Members of the public should take extra care not to come into contact with harmful weeds growing in parts of central Scotland, experts have warned.
Contact with the giant hogweed can cause skin to blister
Environmentalists say Japanese knotweed and giant hogweed can create problems to health and the environment.
Contact with the sap of giant hogweed, which can grow as tall as five metres, can cause skin to blister, especially in sunlight.
Stirling Landfill Trust wants residents in the area to look out for the plants.
The plants often take over riverbanks, causing problems for fishermen and walkers.
The giant hogweed's large flower stems clog rivers and weirs and in winter the weeds die back, leaving the bare riverbanks at risk of erosion.
The plants were originally brought to the UK by the Victorians - avid plant collectors who sought out exotic species from around the world.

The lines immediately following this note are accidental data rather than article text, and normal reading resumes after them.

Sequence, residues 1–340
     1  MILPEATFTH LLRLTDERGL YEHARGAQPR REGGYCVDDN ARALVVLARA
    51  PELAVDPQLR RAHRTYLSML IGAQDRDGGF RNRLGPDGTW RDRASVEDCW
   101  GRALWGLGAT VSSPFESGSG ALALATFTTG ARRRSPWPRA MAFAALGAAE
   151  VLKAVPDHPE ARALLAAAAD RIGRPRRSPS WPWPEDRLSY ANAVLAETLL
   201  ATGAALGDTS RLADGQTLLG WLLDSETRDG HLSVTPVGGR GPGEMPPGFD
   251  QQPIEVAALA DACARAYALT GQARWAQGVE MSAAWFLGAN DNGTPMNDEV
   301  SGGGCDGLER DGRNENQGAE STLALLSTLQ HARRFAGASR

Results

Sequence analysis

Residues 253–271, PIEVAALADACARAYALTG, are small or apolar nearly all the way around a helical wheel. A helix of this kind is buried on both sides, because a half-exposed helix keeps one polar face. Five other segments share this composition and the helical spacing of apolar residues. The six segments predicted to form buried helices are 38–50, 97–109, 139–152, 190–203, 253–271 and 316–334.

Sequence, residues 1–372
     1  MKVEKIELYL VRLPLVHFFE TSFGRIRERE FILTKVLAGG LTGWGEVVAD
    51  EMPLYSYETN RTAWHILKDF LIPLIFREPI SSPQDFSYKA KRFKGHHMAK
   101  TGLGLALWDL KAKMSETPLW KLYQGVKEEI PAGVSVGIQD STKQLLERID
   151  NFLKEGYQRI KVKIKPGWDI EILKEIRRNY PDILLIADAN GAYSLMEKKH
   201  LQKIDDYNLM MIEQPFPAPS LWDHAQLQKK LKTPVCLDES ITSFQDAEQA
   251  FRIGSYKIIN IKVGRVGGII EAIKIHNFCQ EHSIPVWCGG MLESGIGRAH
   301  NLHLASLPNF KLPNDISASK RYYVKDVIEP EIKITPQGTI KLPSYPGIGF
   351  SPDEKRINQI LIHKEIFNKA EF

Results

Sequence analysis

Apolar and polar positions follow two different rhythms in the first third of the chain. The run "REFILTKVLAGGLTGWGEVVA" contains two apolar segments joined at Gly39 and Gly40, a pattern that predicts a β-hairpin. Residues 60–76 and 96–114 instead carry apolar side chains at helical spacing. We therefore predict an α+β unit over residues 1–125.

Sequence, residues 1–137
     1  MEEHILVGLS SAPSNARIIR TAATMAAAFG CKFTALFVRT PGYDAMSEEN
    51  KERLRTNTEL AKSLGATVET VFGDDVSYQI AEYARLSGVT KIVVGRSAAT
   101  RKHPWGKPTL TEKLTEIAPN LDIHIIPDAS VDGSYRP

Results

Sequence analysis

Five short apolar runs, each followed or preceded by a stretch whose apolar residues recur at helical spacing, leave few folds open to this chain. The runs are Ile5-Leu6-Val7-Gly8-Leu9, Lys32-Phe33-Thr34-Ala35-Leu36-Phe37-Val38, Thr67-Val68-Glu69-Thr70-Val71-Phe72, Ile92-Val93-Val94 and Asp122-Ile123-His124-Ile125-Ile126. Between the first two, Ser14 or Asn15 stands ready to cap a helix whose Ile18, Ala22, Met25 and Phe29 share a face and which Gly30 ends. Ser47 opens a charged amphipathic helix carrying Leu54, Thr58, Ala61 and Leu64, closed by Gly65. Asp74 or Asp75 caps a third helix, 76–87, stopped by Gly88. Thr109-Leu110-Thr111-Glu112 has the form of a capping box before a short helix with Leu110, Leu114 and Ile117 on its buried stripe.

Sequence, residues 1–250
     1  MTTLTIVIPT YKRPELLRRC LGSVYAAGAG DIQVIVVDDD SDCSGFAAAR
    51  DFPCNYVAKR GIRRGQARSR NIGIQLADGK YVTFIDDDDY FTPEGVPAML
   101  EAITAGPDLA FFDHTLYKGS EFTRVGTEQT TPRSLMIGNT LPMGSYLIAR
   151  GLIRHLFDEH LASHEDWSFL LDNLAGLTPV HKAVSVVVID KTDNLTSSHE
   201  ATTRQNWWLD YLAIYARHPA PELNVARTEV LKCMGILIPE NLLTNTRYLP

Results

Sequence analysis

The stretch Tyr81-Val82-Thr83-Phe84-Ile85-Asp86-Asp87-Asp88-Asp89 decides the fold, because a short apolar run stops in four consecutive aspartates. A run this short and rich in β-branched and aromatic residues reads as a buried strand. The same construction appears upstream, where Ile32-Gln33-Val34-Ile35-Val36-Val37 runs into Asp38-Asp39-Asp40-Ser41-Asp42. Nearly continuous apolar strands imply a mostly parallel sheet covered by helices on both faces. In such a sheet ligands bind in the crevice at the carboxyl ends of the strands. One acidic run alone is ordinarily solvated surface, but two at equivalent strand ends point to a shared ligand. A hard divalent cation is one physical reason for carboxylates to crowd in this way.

Audrey Morrison, project manager with Stirling Landfill Trust, said: "Contact with the sap of giant hogweed can cause skin to blister, especially in sunlight therefore people are warned - especially children - to keep away from the plants.
"They can be a serious irritant if contact is made with the skin, causing recurring photo-dermatitis."
Stirling Council and Scottish Natural Heritage are supporting the trust to control and eradicate both of the fast-growing weeds across the Stirling Council area.
Giant hogweed is best treated now, at the start of the growing season, while Japanese knotweed should be sprayed when all the leaves are out. Plants should then be left to die off before being burned or buried.
Anyone who needs more information on how to deal with the weeds, or wants to report a sighting, should contact Stirling Council on 0845 277 7000.